OK, here’s one for the “Stranger Things” file. I was checking Power Options on a test laptop yesterday. In fact, it’s one of a pair of nearly identical machines: both are Lenovo ThinkPad X380 Yogas that differ only in SSD brand and OS variant (this one runs Beta Channel, the other one Dev). Yet this machine will show only two power plans under Power Options (see lead-in graphic). The other one shows all default items just as it should, and then some (see below) .
The Dev Channel X380 lets me view or hide additional plans; the Beta Channel X380 does not. What gives?
[Click image for full-sized view.]
Working Around Windows 11 Power Options Oddity
To attempt to fix the issue, I worked my way through the various — and terrific — Power Options tutorials over at ElevenForum.com. These include the following items:
Of those items, the first put the X380 in a state where I could restore missing power plans. The GUIDs for other plans remained available, but I couldn’t get the utility to offer an “Unhide” option so it would only show two Power Plans at any given moment. That said, having made other Power Plans accessible that workaround proved good enough for me.
Even the Master Remains Baffled
I exchanged a series of private messages with Shawn Brink, fellow WIMVP and a primary operator and tutorial writer at Eleven Forum on this mystery. We ended up concluding that a Lenovo OEM power management driver might be impacting the built-in Power Options control panel widget. I found and installed a new (Nov 29, 2022) Lenovo Power Management Driver for Windows 11.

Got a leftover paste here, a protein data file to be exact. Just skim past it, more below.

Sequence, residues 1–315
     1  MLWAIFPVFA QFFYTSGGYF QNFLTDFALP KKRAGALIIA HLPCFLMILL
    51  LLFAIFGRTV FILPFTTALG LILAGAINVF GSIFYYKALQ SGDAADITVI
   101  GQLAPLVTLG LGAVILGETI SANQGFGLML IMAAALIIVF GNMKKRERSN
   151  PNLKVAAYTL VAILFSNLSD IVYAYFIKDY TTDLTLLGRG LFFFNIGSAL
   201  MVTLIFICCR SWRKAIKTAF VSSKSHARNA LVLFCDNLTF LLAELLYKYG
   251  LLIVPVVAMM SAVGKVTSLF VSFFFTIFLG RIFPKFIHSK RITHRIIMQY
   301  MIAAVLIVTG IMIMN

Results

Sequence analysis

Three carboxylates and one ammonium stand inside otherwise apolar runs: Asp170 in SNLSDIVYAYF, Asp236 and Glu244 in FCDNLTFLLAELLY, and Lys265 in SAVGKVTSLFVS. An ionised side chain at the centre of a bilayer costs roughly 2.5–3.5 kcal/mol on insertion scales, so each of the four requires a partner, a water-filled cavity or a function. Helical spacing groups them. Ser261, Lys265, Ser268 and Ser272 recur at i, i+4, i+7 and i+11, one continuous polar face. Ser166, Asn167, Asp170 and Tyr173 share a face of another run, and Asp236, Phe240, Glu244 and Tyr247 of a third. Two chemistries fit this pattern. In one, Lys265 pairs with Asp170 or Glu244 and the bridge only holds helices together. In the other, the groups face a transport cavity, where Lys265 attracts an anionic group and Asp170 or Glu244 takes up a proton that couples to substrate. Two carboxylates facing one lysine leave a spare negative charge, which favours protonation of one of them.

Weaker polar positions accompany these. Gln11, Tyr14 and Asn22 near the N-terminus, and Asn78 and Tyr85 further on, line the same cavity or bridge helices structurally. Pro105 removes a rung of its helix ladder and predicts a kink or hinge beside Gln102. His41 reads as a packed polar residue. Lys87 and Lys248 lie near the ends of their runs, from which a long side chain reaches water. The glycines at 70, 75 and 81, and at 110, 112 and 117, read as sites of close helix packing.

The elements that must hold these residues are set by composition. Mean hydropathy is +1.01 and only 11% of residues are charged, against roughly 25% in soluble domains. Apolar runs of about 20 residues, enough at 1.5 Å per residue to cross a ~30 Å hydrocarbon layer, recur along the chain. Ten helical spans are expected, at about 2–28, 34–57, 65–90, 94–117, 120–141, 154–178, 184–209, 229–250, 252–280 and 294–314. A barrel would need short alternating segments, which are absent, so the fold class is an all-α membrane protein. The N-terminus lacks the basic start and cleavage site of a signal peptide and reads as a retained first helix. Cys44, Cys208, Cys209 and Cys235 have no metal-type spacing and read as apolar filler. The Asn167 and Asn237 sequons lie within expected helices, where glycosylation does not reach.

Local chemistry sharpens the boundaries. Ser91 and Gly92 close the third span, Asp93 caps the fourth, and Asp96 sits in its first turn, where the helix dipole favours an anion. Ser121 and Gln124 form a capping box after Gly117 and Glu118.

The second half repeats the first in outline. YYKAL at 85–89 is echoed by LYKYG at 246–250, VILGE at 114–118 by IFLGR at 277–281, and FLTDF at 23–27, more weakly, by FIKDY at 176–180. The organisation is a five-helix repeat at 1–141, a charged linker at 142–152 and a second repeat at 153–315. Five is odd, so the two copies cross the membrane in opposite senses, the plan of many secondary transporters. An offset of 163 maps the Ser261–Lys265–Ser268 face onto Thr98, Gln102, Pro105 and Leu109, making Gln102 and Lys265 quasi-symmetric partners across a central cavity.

At first, it made no difference in Power Options behavior. Following a reboot, though, while I still could not unhide other power plans in the initial Power Options pane shown as the lead-in graphic, when I click “Create a power plan,” it now shows all three default items correctly — namely Balanced, Power Saver and High Performance.
Here’s progress, of a sort. All the defaults show up when creating a custom plan. [Click image for full-sized view.]
I still have to work around the lack of an unhide capability to access invisible power plans using PowerShell. But at least I can now access and use all such power plans. This time, close enough is also good enough. Sigh. And that’s how things sometimes go, here in Windows-World.
Note Added January 23
I built an ISO to match the currently running beta image (22623.1180) from UUPDump.net. Then, I performed an in-place repair upgrade. I’d hoped this would fix the Power Options oddities. No dice: apparently, this is among the few problems that a prair install won’t fix. Sigh again.